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Icelandic Cuisine – Top 5 dishes to try

Iceland is located between North Atlantic and Artic Oceans. Volcanically active Iceland is famous for stunning landscapes of sand and lava fields, glaciers, mountains and rivers. The settlement of Iceland started with Norse and Gaelic settlers back in AD 874. Iceland was part of the Norwegian and Danish monarchies from 1262 to 1918. Icelandic culture is deeply rooted in ancient heritage such as poetry, medieval sagas, and traditional Icelandic cuisine. Iceland is a remote country with population a bit over 300 000 people, therefore it’s not easy to import produce. Icelanders use the land and sea and grow their own vegetables. But most importantly they keep cooking traditions that were founded by their ancestors thousands of years ago.

Important parts of Icelandic cuisine are dairy, lamb, fish, and seafood due to oceans surrounding Iceland. Protected by environmental regulations, those pure waters have a wide variety of delicious seafood. Popular foods in Iceland include skyr (local yogurt), fermented shark, hot dogs, and smoked lamb. Iceland’s traditional buffet called Þorramatur offers authentic selection of traditionally cured meat, fresh and dried fish products and sweet rye bread. All of this could be washed down with a spirit called brennivín a unique Icelandic akvavit. Living in the isolated island, Icelanders managed to preserved traditional methods of cooking such as pickling, fermenting, drying and smoking.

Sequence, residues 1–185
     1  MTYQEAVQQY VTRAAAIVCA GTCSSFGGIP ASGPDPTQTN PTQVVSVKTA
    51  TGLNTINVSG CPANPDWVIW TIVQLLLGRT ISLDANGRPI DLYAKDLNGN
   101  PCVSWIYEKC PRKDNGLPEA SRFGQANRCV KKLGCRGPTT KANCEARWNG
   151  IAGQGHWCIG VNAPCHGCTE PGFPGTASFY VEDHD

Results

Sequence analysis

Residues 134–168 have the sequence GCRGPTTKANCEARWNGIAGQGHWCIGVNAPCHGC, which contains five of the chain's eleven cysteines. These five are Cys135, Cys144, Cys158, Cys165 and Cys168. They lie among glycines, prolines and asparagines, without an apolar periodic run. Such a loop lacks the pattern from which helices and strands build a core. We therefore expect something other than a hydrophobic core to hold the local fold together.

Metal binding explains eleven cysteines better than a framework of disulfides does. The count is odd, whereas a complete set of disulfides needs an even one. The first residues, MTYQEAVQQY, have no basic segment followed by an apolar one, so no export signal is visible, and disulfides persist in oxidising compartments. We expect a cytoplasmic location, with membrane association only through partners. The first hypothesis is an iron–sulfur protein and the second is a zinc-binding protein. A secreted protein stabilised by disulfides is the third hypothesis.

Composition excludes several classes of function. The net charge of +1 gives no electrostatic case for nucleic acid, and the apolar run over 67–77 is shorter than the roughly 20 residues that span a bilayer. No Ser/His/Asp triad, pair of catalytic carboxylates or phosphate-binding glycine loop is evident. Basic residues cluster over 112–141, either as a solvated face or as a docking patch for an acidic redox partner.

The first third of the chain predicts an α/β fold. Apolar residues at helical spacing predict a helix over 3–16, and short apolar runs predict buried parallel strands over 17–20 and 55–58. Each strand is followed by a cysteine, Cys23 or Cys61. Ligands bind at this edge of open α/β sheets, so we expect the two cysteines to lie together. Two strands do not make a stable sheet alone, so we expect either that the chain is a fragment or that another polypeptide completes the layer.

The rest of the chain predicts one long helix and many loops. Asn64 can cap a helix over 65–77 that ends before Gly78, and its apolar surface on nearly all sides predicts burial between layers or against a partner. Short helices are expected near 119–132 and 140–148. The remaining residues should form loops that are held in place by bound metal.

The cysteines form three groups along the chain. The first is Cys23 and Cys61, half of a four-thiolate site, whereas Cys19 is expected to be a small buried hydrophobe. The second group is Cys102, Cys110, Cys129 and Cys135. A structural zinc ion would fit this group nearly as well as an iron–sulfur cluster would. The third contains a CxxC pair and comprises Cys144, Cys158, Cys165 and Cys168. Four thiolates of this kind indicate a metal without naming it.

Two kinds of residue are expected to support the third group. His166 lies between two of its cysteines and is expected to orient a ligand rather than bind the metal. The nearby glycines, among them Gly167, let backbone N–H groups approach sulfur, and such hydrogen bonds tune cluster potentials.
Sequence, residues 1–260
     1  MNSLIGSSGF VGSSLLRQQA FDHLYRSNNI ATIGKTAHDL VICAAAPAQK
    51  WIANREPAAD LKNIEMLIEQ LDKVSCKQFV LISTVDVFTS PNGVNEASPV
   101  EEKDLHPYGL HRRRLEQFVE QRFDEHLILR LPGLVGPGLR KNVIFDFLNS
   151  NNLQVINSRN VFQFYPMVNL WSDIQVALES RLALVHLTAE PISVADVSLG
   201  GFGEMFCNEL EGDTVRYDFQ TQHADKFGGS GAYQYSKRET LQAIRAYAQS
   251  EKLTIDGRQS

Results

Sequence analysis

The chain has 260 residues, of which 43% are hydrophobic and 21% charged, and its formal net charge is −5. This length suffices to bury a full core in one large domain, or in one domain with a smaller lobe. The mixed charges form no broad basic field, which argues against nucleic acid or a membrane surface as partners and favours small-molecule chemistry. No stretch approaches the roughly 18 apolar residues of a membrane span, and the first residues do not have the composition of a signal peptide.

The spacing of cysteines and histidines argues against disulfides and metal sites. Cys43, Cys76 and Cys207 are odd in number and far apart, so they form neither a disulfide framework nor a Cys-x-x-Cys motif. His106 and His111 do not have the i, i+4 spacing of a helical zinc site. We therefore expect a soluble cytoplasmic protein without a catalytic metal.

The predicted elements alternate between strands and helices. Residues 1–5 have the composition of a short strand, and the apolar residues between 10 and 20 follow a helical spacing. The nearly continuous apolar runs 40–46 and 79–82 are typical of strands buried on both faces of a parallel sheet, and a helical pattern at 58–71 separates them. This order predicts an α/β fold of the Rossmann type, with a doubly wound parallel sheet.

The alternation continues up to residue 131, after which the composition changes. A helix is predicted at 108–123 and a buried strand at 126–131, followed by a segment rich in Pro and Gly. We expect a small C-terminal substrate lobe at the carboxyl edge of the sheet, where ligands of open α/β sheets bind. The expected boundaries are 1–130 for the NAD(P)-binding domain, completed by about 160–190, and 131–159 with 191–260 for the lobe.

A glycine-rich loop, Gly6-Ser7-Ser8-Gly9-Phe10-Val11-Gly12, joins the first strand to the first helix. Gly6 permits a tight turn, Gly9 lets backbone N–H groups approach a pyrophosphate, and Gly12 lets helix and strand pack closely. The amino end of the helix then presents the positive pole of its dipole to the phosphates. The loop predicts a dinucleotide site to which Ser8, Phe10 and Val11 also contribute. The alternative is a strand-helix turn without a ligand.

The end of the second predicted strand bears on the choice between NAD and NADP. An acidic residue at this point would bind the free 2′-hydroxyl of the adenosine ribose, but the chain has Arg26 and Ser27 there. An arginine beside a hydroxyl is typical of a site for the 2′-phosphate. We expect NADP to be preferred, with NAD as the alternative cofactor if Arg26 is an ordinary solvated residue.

Lamb is widely used in many traditional preparations and is considered a national dish. Icelanders are proud of the quality of the lamb as its lean, mild, and fine-grained meat due to organic diet of the sheep. Sheep graze freely in the mountains and they get a lot of exposure to sunshine in the summer, and because of that they eat more than they would elsewhere and grow to a much higher weight. Many chefs around the world praise Icelandic lamb for its high quality.

Another high quality produce is the local fish and seafood. Fisherman use traditional hook-and-line methods to catch herring, cod and haddock. One of the most popular fish in Iceland is Arctic char, it has a high content of omega 3s and has a delicate and sweet flavor. Iceland banned the fishing of salmon in its waters; therefore these type of fish comes from Iceland’s rivers.

Dairy is an important part of Icelanders’ diet. Skyr is the national pride and joy. This special cheese was created more than a thousand years ago by farmers who were trying to preserve meat for long winters. Until this day, farmers use the same method, skim milk is stored in wooden barrels for 8 weeks. Skyr is soft, thick and tangy cheese that could be compared to mozzarella. Make sure you try local delicacies!

Top 5 Icelandic dishes to try:

  1. Harðfiskur (Dried fish). This is a very healthy dish, it contacins lots of protein and no fat. Icelanders eat it as a snack.
  2. Puffin. This creation is made from dark bird meat and is considered a delicacy.
  3. Hákarl (Fermented shark). This traditional snack has a distinct smell and taste.
  4. Skyr. This is a diary product, low in fat and high in protein, looks like a yogurt in texture. It comes in various flavours and could be served as a meal.
  5. Pylsa. Local hot dog comes with a bun, sausage, onions and remoulade sauce.

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This article was written on 20 Mar 2014.

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